Monday, July 6, 2009

Lessons from bagged salad

I attended a webinair last week given by Professor Ranjay Gulati of Harvard Business School. One of the great examples he spoke about was, of all things, bagged salad. Bagged salad is still one of the fastest growing food retail product lines, despite the e-coli scares of recent years. The convenience factor has been lauded by chefs and nutritionists alike for popularizing salads. In short, it is a great case study for innovation.

Professor Gulati told us that it was not the lettuce growers who had come up with this idea. "How did they miss this?", he asked, "How did they not see the bagged opportunity coming?". His answer was that they were too busy asking their customers how good they thought their lettuce tasted. Too busy with their Salad Net Promotor Scores.

The message to the audience was plain. Don't be blinded by your existing business. Don't rely on metrics that measure how satisfied your customers are with your existing products. If you do, you risk missing opportunities around your product. Study how your customers use your products and always be on the look out for new ways to deliver or package what you produce.

I think this is very valuable advice. Learning how your customers use your products is a great way to discover new opportunities for product development.

I was intrigued by the bagged salad though. I mean putting food in bags seems really obvious. How could anyone not see that coming, however lettuce-obsessed they were? So I turned to Google to find out how bagged lettuce was invented.

It turns out that (of course) if you put pieces of lettuce in an ordinary plastic bag it will rot very quickly. Fine for the trip home from the grocer, no good for shipping and storage. Once lettuce is cut, it consumes oxygen and gives off carbon dioxide, water and heat. Left in the open air it will consume oxygen until it rots away completely. Keeping lettuce fresh requires a bag that will regulate the oxygen and carbon dioxide levels inside the bag.

I could not find out who first had the idea, but people were experimenting already back in 1960's. Nothing worked well enough. Lettuce is very sensitive to wilting and the plastic bag technology just wasn't good enough. It worked for delivery to fast food chains but shelf life was too short for retail sales channels.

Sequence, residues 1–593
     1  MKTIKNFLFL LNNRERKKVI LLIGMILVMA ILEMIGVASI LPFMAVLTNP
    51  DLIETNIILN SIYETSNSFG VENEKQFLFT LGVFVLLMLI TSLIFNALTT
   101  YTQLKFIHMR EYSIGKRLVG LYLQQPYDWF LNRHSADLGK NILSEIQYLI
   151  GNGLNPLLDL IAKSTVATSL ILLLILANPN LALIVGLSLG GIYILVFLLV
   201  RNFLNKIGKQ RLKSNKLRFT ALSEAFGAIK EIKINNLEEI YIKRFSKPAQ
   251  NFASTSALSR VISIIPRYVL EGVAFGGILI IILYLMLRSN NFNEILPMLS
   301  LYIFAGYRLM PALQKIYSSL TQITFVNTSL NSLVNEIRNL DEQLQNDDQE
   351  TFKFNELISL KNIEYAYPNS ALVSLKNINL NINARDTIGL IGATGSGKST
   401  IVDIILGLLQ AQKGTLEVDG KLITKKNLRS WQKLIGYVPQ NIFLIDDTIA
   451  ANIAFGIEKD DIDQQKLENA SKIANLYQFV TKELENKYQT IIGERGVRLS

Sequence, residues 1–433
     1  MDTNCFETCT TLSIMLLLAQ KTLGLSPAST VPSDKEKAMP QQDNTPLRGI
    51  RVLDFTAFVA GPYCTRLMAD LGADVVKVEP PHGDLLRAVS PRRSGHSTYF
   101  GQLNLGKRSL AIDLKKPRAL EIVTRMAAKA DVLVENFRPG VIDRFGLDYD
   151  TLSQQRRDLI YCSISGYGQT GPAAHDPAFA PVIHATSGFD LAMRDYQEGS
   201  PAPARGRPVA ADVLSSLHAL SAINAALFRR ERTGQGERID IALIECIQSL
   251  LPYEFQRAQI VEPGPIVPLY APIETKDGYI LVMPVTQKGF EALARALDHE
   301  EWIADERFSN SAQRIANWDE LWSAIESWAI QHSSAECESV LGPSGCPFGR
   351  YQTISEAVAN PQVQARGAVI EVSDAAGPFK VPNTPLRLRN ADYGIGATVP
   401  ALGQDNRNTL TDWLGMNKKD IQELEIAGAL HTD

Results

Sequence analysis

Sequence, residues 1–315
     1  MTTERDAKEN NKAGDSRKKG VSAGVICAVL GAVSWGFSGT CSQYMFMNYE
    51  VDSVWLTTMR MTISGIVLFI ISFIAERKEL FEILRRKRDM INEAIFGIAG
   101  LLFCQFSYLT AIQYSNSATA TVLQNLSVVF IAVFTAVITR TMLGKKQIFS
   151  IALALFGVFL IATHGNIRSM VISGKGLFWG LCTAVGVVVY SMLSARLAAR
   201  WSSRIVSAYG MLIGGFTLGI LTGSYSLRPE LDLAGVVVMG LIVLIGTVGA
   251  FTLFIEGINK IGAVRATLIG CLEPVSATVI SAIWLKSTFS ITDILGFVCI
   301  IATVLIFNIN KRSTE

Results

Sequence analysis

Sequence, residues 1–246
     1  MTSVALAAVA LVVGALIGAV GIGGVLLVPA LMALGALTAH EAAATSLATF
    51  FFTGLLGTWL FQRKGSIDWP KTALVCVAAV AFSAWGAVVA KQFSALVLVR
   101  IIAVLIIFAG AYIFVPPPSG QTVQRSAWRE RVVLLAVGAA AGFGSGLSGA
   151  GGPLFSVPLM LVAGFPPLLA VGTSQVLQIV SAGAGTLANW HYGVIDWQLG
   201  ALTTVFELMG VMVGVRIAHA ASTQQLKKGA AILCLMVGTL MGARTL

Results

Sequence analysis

Not until 1980 that is. It took almost twenty years to develop a plastic film that was breathable and that was machinable into bags. Along the way they also learned how to fill the bag with nitrogen to lower oxygen and extend shelf life.

Twenty years of research and development to make the idea of bagged salad real.

I like this untold part of Professor Gulati's story. It is similar to the Personalized M&M's I have written about before. The same dogged determination to figure out how to solve the problem. The same kind of technology breakthrough that made it finally possible. The same belief that this the problem could be solved, no matter what people said.

Just in case you are thinking that bagged salad has nothing at all to do with publishing, let me remind you of how it all started. The breakthrough that finally brought printing to the world was the availability of cheap paper. Before that the printing press was an academic experiment: What use was a cheap way to print if paper was prohibitively expensive? If Gutenberg or Caxton were alive today and working in the corporate world, their ideas would never make it past a Dragon's Den, let alone a business case review board!

There's no doubt in my mind that customer insight is key to innovation. Seeing things that customers think or do that no-one else has seen before. Realizing that people like to eat lettuce but that many people find it a pain to wash and prepare. We have great techniques nowadays, such as ethnographic studies, to help us do this and we have user experience experts to help us do it.

That only takes us so far, as the M&M people found out, the lettuce folks learnt and Gutenberg discovered as well. Believing that your team can solve something no-one else has ever solved before is at least as important as the insights that led you to see the problem in the first place.

Never forget that innovation requires dogged determination and sheer hard work. Or as Guy Kawasaki wrote in Rules for Revolutionaries: "create like a god, command like a king, and work like a slave".


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